- Express mathematical relationships using equations
- Model problem situations with objects and use representations such as graphs, tables, and equations to draw conclusions
- Identify, compare, and analyze attributes of two- and three-dimensional shapes and develop vocabulary to describe the attributes
- Classify two- and three-dimensional shapes according to their properties and develop definitions of classes of shapes such as triangles and pyramids
- Investigate, describe, and reason about the results of subdividing, combining, and transforming shapes
- Explore congruence and similarity
- Make and test conjectures about geometric properties and relationships and develop logical arguments to justify conclusions
- Make and use coordinate systems to specify locations and to describe paths
- Build and draw geometric objects
- Create and describe mental images of objects, patterns, and paths
- Use geometric models to solve problems in other areas of mathematics, such as number and measurement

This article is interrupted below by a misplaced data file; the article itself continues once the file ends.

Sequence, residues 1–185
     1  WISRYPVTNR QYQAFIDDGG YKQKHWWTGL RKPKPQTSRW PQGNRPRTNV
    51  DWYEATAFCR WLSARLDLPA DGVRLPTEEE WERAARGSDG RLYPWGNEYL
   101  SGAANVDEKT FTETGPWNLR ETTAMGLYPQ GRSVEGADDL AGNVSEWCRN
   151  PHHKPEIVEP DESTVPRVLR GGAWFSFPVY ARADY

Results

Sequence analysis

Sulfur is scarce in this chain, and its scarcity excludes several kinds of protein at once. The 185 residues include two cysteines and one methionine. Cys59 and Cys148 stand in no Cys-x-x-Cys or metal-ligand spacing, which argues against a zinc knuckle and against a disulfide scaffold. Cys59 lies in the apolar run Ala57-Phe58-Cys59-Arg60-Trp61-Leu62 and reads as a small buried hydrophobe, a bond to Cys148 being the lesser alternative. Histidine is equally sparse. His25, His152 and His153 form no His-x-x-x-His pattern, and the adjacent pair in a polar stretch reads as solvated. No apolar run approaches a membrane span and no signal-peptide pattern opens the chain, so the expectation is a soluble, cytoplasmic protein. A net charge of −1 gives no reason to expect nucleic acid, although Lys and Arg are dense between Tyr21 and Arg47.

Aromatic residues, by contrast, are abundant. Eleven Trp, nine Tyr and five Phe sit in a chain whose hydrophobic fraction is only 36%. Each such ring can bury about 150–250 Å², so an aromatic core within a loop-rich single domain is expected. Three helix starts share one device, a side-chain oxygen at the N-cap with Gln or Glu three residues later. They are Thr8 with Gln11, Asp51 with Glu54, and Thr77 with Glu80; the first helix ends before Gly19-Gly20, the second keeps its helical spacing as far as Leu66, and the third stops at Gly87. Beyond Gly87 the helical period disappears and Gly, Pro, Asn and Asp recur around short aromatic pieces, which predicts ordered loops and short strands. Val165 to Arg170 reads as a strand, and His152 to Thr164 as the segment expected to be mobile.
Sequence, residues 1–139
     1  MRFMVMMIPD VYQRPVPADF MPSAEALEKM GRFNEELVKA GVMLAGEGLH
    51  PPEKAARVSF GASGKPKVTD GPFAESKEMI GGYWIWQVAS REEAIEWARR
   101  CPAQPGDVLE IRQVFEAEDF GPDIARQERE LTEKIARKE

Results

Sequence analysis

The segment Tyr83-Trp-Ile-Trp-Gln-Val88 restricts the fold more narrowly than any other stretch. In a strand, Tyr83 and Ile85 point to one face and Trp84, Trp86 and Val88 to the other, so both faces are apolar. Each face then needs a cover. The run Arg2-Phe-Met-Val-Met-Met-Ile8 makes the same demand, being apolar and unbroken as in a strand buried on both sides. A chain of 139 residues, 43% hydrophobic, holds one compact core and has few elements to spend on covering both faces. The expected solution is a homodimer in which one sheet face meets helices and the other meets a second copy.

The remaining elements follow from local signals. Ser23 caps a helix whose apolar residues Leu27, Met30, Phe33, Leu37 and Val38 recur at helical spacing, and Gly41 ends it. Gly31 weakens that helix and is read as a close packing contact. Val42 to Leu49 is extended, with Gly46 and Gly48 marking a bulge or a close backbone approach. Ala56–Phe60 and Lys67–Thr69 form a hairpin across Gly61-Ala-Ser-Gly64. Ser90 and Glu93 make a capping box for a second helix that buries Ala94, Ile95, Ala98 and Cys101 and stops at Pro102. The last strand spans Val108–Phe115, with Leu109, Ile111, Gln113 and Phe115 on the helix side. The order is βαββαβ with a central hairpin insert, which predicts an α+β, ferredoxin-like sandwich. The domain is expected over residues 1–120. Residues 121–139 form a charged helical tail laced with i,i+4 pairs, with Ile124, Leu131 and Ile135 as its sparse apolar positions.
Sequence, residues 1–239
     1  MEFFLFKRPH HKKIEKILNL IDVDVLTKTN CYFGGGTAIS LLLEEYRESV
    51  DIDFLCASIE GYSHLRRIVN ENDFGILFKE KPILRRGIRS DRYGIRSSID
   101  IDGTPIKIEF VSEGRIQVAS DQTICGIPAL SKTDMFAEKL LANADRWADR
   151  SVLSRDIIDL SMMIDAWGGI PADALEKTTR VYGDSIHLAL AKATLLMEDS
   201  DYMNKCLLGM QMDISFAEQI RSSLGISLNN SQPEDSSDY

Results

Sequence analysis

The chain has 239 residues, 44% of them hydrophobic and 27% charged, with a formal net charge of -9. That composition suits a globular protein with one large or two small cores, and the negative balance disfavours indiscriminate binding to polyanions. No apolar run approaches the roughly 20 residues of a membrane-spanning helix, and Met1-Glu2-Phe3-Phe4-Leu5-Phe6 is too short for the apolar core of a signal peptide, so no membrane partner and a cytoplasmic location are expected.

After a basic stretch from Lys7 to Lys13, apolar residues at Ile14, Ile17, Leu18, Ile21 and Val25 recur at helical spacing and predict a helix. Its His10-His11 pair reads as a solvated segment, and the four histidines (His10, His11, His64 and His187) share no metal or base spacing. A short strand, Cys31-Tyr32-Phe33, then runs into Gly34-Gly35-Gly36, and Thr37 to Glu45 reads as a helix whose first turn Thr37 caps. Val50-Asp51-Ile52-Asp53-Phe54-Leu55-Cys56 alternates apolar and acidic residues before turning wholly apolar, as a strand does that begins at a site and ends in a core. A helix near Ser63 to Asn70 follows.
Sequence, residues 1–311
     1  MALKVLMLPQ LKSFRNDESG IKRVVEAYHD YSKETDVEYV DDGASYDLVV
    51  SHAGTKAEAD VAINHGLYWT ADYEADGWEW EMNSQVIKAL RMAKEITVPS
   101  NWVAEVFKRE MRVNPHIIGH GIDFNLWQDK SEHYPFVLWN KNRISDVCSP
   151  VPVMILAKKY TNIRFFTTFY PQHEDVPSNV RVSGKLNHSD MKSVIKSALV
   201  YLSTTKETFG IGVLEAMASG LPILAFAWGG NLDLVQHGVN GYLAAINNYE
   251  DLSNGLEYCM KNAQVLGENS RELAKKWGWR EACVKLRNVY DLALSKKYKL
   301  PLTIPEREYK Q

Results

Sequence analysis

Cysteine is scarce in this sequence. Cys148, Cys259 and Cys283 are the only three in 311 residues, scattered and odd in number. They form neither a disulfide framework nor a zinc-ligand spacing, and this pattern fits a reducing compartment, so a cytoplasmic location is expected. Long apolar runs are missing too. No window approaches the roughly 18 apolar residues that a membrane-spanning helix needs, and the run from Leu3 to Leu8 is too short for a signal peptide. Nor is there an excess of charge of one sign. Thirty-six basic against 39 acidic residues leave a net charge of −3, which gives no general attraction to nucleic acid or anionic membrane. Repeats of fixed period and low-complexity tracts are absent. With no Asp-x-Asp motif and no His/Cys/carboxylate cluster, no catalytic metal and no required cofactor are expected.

- Recognize geometric ideas and relationships and apply them to other disciplines and to problems that arise in the classroom or in everyday life
- Understand such attributes as length, area, weight, volume, and size of angle and select the appropriate type of unit for measuring each attribute
- Carry out simple unit conversions, such as from centimeters to meters, within a system of measurement
- Explore what happens to measurements of a two-dimensional shape such as its perimeter and area when the shape is changed in some way
- Develop strategies for estimating the perimeters, areas, and volumes of irregular shapes
- Select and apply appropriate standard units and tools to measure length, area, volume, weight, time, temperature, and the size of angles
Data Analysis and Probability
- Design investigations to address a question and consider how data-collection methods affect the nature of the data set
- Collect data using observations, surveys, and experiments
- Represent data using tables and graphs such as line plots, bar graphs, and line graphs
- Describe the shape and important features of a set of data and compare related data sets, with an emphasis on how the data are distributed